Action Composites Hightech/ThyssenKrupp Carbon Components
Just this August there was big news from Austria Action Composites Hightech: The firm had acquired nothing less than Germany’s ThyssenKrupp Carbon Components, the branch of the giant steel company created to compete in the strategically critical carbon fiber domain. Austria Action Composites Hightech is already a leading European company in carbon fiber components; acquiring ThyssenKrupp’s carbon fiber branch further expands its technological leadership, especially with the process ThyssenKrupp has developed for motorcycle wheels.
Forget about tightly superimposing multiple layers of carbon fiber “tissue,” impregnating the whole thing with resin, and then heat treating it to generate a structure: ThyssenKrupp has developed a totally exclusive process of braiding individual fibers to create light, durable structures. The whole wheel is elegantly shaped in a solid monolith, rim and spokes together.
At the base of the process is a huge ring about 15 feet in diameter. Hundreds of carbon fiber spools are aligned around the circumference. All these single fibers converge in the center of the ring, where they are precisely braided to create a specific wheel model. The whole process is automated and computer controlled in every phase, and provides constant quality, rigorous dimensional standards, and a perfect finish. Every single fiber receives a very thin layer of epoxy resin prior to being braided in place. A special foam is injected into the spokes to further increase rigidity and kill vibration. The final result is a new generation of motorcycle wheels that are claimed to be lighter and stronger than any other. They are fully homologated for road use by all major certification institutes.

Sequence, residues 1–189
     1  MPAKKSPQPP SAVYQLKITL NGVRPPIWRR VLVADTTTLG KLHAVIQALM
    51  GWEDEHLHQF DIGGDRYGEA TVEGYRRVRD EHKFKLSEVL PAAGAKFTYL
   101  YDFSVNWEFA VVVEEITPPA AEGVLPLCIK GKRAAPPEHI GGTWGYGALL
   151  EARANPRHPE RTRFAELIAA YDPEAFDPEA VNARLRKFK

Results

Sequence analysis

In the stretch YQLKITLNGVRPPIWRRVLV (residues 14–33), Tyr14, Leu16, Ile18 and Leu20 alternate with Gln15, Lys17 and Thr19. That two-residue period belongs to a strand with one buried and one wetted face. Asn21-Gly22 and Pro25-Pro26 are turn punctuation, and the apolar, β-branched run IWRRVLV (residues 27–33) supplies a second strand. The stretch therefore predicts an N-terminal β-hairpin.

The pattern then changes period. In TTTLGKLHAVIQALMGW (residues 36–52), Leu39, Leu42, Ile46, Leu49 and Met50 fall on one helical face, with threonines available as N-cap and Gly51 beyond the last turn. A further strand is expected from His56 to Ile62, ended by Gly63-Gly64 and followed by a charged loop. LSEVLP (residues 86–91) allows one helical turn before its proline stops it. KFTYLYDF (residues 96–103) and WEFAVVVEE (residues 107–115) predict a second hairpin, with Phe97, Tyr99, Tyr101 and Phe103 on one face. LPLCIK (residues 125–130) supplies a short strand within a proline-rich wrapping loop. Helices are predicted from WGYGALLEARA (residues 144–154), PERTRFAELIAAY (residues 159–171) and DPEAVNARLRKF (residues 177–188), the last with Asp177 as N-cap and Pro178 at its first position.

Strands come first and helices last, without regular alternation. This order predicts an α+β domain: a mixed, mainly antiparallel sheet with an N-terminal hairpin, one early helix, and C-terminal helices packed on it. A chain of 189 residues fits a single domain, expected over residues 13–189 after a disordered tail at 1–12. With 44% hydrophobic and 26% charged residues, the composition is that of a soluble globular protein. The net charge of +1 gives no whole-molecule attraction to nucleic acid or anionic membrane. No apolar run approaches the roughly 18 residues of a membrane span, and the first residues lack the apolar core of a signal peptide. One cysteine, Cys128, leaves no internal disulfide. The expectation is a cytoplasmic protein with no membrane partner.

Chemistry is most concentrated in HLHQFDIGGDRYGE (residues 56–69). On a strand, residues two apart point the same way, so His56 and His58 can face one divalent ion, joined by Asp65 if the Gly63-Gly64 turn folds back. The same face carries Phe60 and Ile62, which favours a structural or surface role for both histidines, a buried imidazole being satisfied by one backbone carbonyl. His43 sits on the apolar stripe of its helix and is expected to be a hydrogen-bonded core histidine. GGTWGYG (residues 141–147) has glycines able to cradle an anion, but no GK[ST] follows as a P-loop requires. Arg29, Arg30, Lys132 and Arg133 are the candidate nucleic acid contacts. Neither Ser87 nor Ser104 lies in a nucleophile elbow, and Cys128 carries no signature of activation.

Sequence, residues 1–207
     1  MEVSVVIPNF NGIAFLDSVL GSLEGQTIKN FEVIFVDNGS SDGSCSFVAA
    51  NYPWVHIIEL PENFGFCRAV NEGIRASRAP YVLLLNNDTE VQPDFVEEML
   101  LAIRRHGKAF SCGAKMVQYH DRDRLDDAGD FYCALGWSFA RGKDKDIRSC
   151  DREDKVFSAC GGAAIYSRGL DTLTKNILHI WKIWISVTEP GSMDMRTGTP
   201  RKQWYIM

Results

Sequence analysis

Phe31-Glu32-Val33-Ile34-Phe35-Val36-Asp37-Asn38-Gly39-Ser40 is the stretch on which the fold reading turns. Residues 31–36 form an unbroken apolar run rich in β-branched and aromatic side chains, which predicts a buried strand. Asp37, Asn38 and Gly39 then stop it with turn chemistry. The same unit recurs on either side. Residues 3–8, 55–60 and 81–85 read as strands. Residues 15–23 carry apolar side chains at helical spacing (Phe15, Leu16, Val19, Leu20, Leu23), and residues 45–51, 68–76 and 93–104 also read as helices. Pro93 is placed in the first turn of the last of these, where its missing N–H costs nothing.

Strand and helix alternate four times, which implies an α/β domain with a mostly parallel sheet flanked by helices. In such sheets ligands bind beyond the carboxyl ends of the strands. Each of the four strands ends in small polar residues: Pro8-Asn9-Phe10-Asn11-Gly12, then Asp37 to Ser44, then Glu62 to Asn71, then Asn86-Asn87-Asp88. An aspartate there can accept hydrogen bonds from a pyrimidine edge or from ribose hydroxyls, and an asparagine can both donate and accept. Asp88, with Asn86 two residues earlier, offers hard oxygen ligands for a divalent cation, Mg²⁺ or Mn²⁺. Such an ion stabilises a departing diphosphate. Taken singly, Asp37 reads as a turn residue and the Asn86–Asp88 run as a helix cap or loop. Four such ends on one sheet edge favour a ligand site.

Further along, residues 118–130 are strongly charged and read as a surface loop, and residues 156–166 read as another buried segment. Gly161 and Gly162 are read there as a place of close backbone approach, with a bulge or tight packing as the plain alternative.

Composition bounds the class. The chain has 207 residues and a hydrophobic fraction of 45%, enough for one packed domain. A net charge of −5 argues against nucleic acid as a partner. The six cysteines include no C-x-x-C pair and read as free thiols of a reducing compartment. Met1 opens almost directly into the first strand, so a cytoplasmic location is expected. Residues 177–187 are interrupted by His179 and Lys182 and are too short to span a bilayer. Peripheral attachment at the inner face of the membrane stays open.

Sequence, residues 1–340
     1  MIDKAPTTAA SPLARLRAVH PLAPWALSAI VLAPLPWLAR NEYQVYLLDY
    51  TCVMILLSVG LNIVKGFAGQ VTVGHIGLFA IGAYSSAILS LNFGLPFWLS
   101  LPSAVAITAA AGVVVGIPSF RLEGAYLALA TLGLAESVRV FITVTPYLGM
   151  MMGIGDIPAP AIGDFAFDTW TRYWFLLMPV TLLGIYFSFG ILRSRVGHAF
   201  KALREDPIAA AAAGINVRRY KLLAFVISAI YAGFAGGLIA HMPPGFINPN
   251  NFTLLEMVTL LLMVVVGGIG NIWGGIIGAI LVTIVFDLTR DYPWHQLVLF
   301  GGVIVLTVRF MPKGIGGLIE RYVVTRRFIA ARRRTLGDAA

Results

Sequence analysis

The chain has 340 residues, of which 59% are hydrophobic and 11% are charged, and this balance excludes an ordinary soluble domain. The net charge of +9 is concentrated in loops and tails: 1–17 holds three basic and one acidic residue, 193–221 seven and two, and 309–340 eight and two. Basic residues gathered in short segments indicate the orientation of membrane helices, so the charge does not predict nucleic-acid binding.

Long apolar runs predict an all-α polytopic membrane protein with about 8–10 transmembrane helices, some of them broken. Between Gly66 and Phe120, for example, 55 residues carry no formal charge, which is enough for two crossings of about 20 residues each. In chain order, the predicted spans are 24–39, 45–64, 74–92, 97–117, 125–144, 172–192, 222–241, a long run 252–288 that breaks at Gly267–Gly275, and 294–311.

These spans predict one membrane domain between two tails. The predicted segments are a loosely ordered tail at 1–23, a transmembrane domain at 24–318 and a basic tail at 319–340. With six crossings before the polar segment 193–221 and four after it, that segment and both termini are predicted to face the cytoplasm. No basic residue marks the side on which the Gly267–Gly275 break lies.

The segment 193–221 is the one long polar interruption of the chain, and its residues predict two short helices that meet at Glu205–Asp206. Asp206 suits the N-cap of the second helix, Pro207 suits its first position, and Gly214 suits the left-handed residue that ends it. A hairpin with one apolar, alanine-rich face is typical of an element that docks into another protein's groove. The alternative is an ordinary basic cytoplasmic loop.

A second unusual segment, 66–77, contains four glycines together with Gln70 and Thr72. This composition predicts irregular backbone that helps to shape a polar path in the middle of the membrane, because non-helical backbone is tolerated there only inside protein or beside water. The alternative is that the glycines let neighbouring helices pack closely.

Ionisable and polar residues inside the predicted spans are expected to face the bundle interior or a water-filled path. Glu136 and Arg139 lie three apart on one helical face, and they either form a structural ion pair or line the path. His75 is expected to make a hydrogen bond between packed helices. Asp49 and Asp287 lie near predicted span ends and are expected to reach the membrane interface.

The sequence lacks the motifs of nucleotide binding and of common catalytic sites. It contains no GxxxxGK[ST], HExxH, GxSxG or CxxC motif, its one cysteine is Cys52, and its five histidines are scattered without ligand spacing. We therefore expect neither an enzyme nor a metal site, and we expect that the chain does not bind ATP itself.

The Action Composites Hightech motorcycle wheels come in three sizes: 17 x 3.50 front, and 17 x 5.50 and 17 x 6.00 rear. The front wheels weigh only 4.2 pounds and are homologated for up to 400 pounds of static load; the rear wheels weigh 6.4 pounds and are homologated for up to 672 pounds of static load. The production technology is not only impressive, getting the best out of carbon fiber in a geometrically complex structure, but it also allows mass production with a high degree of precision.